Podesta Island


Reviewed by: Andrew Robertson

Podesta Island
"Stephanie Roland's film exists in a space between spaces, a liminal latitude, languorous longitude, a tropic of candour."

That it was a "Captain Pinocchio" who discovered Podesta Island first adds something to the story of a place that may not be. "The absence is terrifying and sometimes we must fill it up by telling stories." What is more absent than the sea?

We've heard a voice, a history, but now it is the throaty roar of a marine diesel, that crankshaft cardiac clamour. The sea reaches up as spray to wash the windows. Another voice, another version of the story. Another vision, held up against the landscape where the landscape does not match.

We will hear other voices, excuses, justifications, explanations. "It is reality," even if it contains appeals to higher powers like seers and NASA. The stars hold no answer, or do they?

Stephanie Roland's film exists in a space between spaces, a liminal latitude, languorous longitude, a tropic of candour. Testimony of the Poles in French, the endless day, the endless ice. "turn back," "go crazy," these are not choices. Memories of losing memories, forgetting no longer off the table.

Piquer Rodriguez Jorge's camerawork finds faces in landscapes, landscapes in faces. Maps of emotion in a work that is psychogeographic, of the geography of psyches. Half light and half truth, heavy weather and big ideas.

Podesta takes its name, if it can have a name, from a boat. The vessel named for a position in pre-national Italy, the highest official of a municipality before the city-states. Small power against the sea, which shapes, consumes, provides. The sand on the beach was once rocks, shells, stuff, ground by the moon's maritime mill.

The rush of surf against imaginary shores. The island brooks no return, not of voyagers or radar's waves. A light that might be dusk, or dawn, heading lost in a place not encompassed by some maps. "Large sovereign states have a hunger for small islands," but that seems less of niceties of international law and the governance of the seabed than the naivete of intentional lore and the Godzilla of science fiction.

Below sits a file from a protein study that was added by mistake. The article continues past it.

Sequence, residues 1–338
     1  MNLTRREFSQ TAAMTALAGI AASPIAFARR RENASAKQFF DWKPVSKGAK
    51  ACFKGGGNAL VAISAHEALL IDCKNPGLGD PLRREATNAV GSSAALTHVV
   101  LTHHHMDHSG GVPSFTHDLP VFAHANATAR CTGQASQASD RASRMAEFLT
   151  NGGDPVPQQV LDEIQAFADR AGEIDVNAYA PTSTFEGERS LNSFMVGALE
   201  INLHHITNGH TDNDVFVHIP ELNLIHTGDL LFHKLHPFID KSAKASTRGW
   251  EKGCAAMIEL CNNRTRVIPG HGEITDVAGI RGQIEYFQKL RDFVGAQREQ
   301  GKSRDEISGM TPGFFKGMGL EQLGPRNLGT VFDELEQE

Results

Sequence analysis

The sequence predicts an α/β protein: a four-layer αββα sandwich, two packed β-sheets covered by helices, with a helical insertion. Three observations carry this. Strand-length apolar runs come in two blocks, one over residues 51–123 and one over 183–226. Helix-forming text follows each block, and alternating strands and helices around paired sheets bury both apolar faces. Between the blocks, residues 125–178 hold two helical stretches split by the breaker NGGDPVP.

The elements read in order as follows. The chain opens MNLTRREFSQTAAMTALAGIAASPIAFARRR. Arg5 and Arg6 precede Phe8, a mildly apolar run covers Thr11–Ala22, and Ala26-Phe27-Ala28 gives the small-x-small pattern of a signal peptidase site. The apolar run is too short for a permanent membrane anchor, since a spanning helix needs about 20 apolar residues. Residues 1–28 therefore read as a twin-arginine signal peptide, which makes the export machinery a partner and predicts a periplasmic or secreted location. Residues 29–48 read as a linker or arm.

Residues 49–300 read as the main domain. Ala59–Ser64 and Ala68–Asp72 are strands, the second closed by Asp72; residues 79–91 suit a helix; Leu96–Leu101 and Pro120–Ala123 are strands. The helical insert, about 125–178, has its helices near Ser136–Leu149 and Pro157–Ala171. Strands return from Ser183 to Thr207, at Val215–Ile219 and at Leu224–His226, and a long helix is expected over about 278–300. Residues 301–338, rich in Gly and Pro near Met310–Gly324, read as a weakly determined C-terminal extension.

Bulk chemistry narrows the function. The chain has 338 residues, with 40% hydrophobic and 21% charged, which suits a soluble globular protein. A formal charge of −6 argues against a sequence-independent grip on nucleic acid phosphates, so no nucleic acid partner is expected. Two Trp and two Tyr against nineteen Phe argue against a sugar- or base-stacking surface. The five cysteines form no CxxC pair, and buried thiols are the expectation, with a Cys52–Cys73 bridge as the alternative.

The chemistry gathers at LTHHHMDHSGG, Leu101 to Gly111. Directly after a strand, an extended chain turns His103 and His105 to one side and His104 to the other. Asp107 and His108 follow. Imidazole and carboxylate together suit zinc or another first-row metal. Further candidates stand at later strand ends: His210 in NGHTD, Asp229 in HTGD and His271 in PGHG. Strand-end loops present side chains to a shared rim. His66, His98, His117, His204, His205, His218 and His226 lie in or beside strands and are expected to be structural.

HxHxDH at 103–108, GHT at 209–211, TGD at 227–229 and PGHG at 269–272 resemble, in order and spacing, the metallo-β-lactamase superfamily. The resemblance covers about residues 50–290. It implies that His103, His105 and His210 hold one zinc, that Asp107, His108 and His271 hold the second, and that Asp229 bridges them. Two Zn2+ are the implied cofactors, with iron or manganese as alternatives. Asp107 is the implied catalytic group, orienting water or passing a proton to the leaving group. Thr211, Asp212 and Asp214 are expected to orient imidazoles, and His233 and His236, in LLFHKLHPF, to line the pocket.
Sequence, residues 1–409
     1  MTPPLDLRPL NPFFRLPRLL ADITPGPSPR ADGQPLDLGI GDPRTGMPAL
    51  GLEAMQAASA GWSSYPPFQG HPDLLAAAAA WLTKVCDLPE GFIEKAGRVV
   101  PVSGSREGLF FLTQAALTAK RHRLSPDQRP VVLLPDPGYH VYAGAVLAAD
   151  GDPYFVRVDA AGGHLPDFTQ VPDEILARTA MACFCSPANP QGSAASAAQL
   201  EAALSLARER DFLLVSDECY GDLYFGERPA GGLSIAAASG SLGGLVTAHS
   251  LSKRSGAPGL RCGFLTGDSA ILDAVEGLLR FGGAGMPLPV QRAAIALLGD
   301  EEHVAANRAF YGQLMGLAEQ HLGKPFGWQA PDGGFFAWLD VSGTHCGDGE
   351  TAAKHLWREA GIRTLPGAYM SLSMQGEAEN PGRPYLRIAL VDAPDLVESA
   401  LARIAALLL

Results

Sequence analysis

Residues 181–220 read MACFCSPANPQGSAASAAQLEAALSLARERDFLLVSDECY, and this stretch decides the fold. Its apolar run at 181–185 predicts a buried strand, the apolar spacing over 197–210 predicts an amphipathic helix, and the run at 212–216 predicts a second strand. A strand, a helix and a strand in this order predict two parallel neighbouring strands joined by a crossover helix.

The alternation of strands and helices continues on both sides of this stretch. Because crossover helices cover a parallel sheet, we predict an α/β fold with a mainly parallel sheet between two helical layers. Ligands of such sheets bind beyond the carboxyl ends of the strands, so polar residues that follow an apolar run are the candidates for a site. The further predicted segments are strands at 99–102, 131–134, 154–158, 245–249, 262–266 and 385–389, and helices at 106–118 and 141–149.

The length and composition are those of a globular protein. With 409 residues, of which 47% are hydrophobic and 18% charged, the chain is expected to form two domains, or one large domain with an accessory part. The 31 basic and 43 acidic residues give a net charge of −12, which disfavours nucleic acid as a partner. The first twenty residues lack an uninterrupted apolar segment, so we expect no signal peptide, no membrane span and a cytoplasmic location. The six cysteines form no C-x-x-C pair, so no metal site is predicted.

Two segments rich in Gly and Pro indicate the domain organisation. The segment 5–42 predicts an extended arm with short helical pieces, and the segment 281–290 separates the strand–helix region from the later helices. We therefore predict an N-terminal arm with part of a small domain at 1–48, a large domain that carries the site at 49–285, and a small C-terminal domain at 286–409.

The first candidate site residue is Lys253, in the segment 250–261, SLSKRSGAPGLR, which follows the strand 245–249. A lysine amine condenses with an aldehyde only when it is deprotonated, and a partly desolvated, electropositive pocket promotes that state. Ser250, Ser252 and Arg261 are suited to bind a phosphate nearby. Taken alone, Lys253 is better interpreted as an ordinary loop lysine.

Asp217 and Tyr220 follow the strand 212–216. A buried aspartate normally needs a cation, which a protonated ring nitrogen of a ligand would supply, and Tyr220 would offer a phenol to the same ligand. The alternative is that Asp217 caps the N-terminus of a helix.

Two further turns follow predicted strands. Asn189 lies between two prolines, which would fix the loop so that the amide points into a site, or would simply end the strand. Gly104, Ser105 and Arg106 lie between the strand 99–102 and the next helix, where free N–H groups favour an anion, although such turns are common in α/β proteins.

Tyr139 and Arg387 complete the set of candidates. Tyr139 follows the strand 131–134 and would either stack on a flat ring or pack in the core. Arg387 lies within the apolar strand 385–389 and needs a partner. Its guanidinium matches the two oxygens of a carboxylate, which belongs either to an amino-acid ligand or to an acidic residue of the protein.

Ludivine Pele's sound matches with the last things we see, the spume and spray of sea eliding the coastal cliffs. There is talk of legends. The world tree, the place of eternal youth, the recurring land where the three brother winds dwell. Within that frame another legend, an island that has been seen once, but documented significantly thereafter. No island, nor sirens, nor structures, but still a call, a claim, an island.

In a pre-recorded Q&A at Glasgow's 2022 Short Film Festival she explained her fascination with islands goes back to her birth in Micronesia. Moving at just three years old to Belgium, she grew up with stories about "how you lived on an island" and this stimulus to her imagination growing up in Charleroi's "post industrial" landscape, once called "the ugliest... in Europe". That is a sufficiently "different background" that islands became something she dreamt of. An influence seen in several of her other works, as a gateway to fiction, to geopolitical analysis.

"With modern contemporary cartography you obviously [know] if an island exists or not" the idea of phantom islands and contemporary ones is fascinating. Even interviewing experts there was a lack of certainty, "with the use of fiction and reality" she wanted to create something that touched not only on the ghostly nature of the islands but the absence of those disappeared by the Pinochet regime. The "semi-truth, legend, faits divers", "parallel narrations not to confuse but to transmit some complexity". In that ambiguity in a different circumstance is her current project, a feature about Freemasonry, a project with obvious connections to Scotland but also to her explorations of geography and environment. Focusing on the relationships between teenagers and their initiated fathers, the mixture of

The discussion further extended to her cast, to process, to the element of forgetting in this work and others, the desire to forget in a complex media space. The island is claimed by the micronation of Rino, who wish to award a medal to Roland for its exploration. Since her feature project was sparked by discovering a medal in her father's belongings after his death this is sufficiently circular as to become a spiral search pattern. Podesta Island, allegedly of roughly one kilometre radius at -32.233333, -89.133333 (decimal) may not exist, but the film absolutely does, and is worth finding.

Reviewed on: 27 Mar 2022
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Podesta Island packshot
In a hyperconnected and mapped world, are there still unknown areas?

Director: Stephanie Roland

Year: 2020

Runtime: 24 minutes

Country: France, Federated States of Micronesia


GSFF 2022

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